So, what happened? Solomon failed to observe God’s first commandment which is to say that he failed to realize that for his kingdom to survive the people within it must worship the “same God”. He no longer cared as it (apparently) no longer meant anything to him, but the cost that his kingdom paid was a high one indeed. He did not realize that although he may no longer feel the need to follow the ancient rules of God that there is a difference between the needs of an individual withing a society and the needs of the society itself.
While he fiddled around in his palaces and such caring only about his individual pleasure he allowed the glue which held his kingdom together to lose its’ adhesiveness to the point that the society decayed to a point from which there was no return. He ignored God’s Law which required that he be the protector and steward of the State and in enjoying the pleasures afforded to him by his various wives and his immersion into their cultures he failed to realize that he had abdicated his responsibility ensure the continuation of his own. He seemed unable to realize that what had been his people no longer had the same allegiances nor did they even have the same culture.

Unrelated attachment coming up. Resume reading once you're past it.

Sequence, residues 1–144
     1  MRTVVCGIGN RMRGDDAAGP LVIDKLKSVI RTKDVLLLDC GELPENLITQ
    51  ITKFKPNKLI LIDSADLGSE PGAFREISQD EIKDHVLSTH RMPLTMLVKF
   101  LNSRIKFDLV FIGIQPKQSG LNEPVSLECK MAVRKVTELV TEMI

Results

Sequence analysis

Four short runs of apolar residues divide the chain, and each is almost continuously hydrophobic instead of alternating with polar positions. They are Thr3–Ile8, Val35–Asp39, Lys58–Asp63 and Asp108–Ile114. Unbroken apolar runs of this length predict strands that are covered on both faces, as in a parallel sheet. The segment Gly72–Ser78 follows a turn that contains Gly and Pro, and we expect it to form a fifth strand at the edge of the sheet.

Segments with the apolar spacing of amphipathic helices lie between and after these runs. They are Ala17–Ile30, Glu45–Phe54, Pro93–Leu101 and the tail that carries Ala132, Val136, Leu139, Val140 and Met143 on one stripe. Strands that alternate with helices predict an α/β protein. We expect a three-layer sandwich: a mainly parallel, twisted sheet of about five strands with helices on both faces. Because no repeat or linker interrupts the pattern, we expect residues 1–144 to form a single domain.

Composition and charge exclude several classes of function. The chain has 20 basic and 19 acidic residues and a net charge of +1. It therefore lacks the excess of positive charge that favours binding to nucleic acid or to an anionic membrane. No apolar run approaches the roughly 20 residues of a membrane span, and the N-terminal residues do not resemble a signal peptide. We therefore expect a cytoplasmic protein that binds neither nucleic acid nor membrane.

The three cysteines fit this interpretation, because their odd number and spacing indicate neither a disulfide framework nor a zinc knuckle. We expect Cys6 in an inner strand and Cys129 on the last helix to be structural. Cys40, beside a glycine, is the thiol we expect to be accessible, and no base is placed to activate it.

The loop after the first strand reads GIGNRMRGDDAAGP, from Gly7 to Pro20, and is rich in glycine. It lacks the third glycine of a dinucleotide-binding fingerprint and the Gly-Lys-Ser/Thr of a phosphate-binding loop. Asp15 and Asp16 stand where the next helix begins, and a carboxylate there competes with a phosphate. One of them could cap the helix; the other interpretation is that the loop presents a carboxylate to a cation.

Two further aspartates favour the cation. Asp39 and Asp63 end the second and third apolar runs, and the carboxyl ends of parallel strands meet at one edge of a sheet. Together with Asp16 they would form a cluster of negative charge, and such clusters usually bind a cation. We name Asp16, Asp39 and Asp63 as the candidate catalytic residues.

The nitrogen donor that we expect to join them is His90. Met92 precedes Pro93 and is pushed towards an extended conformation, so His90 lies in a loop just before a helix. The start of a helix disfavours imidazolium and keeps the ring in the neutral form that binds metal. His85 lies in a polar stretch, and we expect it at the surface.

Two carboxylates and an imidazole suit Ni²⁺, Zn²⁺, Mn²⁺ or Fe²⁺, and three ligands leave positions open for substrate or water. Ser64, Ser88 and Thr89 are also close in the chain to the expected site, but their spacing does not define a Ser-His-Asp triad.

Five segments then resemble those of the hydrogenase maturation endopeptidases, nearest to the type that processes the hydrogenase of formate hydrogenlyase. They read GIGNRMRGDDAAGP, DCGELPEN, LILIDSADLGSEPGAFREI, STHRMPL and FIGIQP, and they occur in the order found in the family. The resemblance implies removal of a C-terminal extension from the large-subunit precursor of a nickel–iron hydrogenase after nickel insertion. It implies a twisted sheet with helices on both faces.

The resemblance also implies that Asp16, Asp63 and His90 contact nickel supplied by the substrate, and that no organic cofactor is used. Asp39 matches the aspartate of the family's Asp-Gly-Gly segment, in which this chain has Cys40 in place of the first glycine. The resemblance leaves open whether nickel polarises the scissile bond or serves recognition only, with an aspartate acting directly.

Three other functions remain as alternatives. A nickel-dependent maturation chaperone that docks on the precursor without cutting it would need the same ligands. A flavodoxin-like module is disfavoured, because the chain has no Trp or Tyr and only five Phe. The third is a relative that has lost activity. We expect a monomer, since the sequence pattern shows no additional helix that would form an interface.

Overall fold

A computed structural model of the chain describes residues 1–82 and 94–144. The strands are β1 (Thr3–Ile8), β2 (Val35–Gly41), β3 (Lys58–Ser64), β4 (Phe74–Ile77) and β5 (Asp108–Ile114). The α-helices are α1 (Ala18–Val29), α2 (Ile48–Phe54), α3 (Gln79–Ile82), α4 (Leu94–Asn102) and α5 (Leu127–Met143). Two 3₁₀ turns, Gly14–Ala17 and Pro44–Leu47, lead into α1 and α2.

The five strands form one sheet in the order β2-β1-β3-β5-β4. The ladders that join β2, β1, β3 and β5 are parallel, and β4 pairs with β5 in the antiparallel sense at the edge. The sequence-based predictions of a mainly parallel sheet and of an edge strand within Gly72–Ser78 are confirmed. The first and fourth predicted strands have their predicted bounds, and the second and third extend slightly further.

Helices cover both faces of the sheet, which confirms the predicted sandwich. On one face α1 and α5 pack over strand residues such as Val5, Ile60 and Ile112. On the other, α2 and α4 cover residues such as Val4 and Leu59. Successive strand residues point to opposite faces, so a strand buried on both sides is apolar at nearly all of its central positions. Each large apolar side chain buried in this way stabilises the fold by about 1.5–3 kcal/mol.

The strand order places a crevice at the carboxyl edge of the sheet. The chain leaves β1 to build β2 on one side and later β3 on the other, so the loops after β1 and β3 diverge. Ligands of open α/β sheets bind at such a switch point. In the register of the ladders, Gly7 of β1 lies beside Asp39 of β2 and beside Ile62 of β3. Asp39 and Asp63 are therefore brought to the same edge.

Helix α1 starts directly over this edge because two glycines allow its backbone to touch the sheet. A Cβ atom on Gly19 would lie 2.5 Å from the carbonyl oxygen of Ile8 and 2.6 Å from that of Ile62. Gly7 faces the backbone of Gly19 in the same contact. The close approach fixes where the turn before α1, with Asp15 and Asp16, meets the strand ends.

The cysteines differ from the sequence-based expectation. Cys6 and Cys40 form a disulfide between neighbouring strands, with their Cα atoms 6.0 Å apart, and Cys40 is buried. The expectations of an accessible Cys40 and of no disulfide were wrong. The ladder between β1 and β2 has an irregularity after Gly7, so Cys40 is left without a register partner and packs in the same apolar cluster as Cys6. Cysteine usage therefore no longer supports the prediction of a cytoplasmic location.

Why did “God….delay this judgment until after Solomon’s death”? Perhaps it wasn’t “Because of his father David”, but perhaps it was because, much like Tito in post-war Yugoslavia, the state was held together by force of personality and the dying remembrances of those who remembered what had once been. The traditions and practices remained intact of their own accord while the structure which had originally supported it was rapidly being destroyed from within. The corruption and tension was always just beneath the surface and only needed the spark of their respective deaths to light the flames which would consume that which they were governing. Point to God, with some real lessons for today.